Clinic

Common Questions

What’s involved in an initial consultation?

An initial consultation will take up to 55mins, costs €100 and includes:

  • A nutritional assessment of current diet, symptoms and severity.
  • A printed body composition analysis.
  • Tailored dietary information.

Follow-up appointments are half an hour, cost €50 and include a review of dietary intake, printed body composition analysis and further dietary recommendations and advice.

What should I expect for the first appointment?

During the first appointment, I collate information on the reason for your attendance, an assessment of your nutritional intake and dietary habits, exercise and lifestyle habits, medical history, medications, stress levels, and any relevant blood test results. I also take some measurements, including height, weight and body fat percentage. I then advise you based on your dietary assessment and provide necessary supporting material.
Follow-up appointments will allow for monitoring of your progress.

Do I need to bring anything with me to the appointment?

Please bring a completed food and fluid dairy with you for your first consultation. That means writing out what you have eaten and drank in the last week. This is not compulsory but it does help to save time.

It would also be helpful to bring the names or the boxes/containers of any medications or supplements you are taking, and any other relevant medical information, such as blood test results.

Do I have to be referred by a doctor?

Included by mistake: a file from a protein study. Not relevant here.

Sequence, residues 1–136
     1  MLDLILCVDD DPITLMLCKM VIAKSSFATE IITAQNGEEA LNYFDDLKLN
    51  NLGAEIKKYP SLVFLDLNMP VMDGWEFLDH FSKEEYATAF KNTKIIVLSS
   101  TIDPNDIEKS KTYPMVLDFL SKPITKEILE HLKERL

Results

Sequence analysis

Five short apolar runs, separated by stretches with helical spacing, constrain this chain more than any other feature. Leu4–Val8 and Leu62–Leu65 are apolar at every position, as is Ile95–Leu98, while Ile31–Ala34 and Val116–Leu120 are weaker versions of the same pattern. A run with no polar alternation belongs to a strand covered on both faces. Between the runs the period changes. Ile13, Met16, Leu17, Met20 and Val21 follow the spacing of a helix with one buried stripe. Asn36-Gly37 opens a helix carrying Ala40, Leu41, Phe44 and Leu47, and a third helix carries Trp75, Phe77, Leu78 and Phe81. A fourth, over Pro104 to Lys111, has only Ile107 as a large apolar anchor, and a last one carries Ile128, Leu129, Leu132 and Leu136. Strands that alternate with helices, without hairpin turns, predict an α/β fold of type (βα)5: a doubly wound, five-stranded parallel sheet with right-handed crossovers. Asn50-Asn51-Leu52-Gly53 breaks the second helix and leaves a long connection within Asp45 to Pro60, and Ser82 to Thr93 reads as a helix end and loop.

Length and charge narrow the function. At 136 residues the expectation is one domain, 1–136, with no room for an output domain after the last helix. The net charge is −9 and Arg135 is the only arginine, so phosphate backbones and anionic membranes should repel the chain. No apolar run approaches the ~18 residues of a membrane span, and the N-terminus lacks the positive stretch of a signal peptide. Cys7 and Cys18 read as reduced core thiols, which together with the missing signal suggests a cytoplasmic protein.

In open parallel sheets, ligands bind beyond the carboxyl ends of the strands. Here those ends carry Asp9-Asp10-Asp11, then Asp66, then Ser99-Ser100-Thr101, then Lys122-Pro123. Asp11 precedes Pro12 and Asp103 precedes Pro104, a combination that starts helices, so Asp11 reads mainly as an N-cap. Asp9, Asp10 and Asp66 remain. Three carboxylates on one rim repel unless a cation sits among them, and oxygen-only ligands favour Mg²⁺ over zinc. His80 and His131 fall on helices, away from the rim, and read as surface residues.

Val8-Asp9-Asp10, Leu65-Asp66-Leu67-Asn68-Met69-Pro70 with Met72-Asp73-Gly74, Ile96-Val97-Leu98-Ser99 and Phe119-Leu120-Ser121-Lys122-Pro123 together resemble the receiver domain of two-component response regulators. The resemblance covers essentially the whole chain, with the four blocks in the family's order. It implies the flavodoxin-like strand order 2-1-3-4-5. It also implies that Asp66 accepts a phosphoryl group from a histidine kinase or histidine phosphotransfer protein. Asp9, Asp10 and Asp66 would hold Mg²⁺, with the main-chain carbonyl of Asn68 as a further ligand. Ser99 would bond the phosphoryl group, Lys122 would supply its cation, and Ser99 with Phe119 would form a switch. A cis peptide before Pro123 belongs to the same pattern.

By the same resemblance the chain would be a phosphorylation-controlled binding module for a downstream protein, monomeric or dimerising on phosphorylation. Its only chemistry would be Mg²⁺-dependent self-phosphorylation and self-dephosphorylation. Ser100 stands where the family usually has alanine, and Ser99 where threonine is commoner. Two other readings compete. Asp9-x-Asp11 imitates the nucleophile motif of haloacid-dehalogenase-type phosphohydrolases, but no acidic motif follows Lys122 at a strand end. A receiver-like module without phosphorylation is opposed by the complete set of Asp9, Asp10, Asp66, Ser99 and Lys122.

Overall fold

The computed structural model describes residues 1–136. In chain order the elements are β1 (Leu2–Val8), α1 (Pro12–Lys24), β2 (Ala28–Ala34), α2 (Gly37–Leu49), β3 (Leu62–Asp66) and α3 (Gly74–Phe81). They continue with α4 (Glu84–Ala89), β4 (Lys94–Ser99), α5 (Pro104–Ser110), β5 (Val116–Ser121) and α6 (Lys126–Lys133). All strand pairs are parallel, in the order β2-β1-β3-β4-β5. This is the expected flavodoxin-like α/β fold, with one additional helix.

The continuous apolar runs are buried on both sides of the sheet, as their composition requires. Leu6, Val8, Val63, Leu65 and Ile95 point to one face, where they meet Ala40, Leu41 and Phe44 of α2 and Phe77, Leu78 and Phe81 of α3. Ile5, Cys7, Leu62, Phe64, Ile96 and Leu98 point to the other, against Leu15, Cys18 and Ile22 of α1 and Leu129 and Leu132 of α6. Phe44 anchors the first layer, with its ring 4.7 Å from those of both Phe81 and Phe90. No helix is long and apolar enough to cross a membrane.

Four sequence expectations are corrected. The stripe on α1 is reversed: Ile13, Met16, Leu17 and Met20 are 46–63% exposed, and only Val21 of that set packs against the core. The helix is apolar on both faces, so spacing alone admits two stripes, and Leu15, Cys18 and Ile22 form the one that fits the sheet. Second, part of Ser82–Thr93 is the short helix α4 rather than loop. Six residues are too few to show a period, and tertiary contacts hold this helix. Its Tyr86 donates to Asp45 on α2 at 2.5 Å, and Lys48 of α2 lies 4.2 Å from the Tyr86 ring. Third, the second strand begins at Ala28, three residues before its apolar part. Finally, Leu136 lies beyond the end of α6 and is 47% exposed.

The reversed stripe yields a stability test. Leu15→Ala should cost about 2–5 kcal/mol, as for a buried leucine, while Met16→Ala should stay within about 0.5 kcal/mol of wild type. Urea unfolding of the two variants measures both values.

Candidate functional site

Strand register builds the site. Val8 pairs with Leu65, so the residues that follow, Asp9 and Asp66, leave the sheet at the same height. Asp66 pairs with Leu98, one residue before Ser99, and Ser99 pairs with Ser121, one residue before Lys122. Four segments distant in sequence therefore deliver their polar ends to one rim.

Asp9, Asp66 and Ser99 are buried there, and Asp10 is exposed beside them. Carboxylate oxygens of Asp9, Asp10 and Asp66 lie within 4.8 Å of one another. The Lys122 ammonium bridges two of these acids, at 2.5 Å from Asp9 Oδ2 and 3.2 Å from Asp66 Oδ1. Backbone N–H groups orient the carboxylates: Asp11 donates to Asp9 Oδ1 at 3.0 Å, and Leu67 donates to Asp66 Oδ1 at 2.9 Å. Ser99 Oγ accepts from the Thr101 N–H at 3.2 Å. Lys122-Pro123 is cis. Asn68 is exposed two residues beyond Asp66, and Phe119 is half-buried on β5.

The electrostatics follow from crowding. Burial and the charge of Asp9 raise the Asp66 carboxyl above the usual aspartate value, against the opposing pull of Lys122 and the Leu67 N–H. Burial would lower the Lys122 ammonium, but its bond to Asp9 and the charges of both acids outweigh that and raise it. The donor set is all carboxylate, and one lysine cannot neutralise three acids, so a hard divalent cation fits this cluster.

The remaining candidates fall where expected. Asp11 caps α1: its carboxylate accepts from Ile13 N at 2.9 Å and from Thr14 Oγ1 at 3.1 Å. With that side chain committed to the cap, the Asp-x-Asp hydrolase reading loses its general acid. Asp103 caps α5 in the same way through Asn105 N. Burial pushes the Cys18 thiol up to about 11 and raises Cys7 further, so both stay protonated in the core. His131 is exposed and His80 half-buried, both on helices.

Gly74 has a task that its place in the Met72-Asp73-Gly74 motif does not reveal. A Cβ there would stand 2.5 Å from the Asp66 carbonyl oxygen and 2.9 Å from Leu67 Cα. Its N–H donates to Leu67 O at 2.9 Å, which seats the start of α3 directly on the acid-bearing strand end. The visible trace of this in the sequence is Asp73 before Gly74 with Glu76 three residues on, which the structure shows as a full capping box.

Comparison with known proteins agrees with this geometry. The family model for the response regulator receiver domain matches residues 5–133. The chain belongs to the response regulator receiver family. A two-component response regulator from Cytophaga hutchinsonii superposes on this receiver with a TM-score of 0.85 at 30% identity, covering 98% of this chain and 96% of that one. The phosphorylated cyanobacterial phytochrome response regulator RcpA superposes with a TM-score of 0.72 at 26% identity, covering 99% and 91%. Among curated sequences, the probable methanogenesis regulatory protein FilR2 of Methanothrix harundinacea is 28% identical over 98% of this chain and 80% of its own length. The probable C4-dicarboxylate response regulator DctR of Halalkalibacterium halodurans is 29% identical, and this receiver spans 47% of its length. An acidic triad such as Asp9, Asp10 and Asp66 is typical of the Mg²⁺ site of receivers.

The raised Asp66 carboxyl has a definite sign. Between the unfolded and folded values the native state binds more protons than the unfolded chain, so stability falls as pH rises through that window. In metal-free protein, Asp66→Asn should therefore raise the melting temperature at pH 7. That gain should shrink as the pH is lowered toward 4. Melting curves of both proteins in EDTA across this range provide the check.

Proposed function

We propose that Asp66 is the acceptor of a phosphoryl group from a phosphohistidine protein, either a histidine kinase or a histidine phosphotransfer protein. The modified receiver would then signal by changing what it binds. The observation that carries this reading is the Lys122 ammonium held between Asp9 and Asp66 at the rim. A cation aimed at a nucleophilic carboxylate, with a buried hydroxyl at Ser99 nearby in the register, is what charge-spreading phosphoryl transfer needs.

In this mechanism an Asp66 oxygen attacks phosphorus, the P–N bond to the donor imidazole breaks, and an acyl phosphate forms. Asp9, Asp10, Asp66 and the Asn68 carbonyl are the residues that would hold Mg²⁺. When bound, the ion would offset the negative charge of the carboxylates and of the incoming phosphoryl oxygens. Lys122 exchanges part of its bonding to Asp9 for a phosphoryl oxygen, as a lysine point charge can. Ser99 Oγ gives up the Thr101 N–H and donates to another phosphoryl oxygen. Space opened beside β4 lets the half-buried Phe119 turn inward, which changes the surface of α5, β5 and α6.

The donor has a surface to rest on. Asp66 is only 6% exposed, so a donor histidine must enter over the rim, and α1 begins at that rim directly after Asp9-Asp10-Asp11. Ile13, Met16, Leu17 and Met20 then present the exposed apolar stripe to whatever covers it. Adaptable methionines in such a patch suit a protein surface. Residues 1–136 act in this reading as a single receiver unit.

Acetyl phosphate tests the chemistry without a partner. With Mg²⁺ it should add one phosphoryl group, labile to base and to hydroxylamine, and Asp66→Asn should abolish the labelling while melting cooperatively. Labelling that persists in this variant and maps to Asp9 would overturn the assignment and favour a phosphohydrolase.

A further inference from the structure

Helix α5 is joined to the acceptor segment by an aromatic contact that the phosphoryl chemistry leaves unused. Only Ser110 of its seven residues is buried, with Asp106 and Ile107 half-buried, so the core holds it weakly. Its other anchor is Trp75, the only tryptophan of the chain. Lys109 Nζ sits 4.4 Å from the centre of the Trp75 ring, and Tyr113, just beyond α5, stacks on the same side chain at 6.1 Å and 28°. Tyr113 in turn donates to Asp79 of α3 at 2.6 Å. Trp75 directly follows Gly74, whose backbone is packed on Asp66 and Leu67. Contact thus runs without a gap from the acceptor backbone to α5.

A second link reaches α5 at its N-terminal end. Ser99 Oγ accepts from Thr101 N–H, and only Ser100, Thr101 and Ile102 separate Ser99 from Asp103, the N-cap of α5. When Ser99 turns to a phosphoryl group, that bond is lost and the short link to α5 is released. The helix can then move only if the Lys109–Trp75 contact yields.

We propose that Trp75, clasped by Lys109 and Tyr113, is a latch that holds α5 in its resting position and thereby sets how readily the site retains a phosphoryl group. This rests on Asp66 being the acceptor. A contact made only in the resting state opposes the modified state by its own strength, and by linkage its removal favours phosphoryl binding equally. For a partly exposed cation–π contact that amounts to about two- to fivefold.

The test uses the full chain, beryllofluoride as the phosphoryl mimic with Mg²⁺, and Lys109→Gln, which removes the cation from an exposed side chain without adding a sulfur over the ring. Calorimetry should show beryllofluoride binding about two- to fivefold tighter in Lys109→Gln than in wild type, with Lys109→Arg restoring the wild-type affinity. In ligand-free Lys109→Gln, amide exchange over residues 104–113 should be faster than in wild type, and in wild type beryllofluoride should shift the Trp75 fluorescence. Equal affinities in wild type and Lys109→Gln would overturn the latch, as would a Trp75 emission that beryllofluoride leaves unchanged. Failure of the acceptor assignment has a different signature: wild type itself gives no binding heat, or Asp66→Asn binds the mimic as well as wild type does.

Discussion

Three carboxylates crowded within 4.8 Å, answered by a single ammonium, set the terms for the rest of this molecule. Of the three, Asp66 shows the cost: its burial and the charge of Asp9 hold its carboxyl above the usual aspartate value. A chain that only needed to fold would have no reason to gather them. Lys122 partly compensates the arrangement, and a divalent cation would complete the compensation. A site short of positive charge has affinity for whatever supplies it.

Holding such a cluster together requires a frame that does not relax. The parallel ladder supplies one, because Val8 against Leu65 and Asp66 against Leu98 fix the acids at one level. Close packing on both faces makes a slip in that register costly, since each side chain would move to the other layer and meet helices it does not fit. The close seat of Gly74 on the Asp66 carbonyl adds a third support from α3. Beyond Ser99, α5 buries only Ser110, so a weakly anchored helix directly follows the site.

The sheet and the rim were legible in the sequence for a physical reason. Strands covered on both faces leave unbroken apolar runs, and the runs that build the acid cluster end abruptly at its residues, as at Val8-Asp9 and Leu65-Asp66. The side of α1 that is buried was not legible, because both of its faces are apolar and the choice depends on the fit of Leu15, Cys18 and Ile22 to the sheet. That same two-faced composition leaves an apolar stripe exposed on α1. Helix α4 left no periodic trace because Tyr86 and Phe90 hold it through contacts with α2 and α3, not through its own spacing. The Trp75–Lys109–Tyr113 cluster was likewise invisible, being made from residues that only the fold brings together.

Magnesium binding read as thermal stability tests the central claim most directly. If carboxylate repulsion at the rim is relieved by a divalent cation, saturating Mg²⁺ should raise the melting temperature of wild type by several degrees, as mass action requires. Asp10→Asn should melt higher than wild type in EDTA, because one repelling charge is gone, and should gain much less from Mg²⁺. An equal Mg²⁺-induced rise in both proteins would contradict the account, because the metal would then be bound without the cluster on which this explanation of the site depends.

No, you don’t need to be referred by a doctor or specialist. Dietitians can now see people directly, but it’s sometimes useful to involve/update your GP on any dietary considerations or problems. Anyone can ring to make an appointment for themselves.

In terms of weight loss, it’s best if the overweight person makes the appointment themselves. Wanting someone else to change and making an appointment for that person generally puts them under pressure. They need to be ready themselves to change. It is not useful if you make an appointment for someone else, who is reluctant to change. It has a negative effect on their confidence and ability to succeed in the long term management of their weight.

What is a Dietitian? Is it different to a Nutritionist?

Dietetics is an extremely varied and exciting profession.

Dietitians apply the art and science of human nutrition to help people understand the relationship between food and health and make dietary choices to attain and maintain health, and to prevent and treat illness and disease. Dietitians in this country are registered with the Irish Nutrition and Dietetic Institute (INDI), the professional organisation for dietitians in Ireland.

Dietitians use the most up-to-date public health and scientific research on food, health and disease, and translate this into practical guidance to enable people to make appropriate lifestyle and food choices. We apply knowledge of food, nutrition and other related disciplines such as biochemistry, physiology and social science to promote health and wellbeing.

The majority of dietitians in Ireland work in public & private hospitals, but can also work in a wide range of areas including the community, as lecturers, in private practice (freelance), in the food industry, sport, research, media and in public health.

Choosing the right person to seek help and advice from can sometimes be a confusing task. Many people claim to be experts in nutrition but some have very limited knowledge or training, and offer no protection to the public. Here the INDI provides tips to ensure you get the right nutritional advice

http://www.indi.ie/index.php?page=3&articleid=1143

What is the difference between a qualified dietitian/clinical nutritionist & a nutritional therapist?

Here’s what the British Dietetic Association has to say: Link to this

http://www.bda.uk.com/publications/dietitian-nutritionist.pdf

You can trust a Dietitian to know about Nutrition!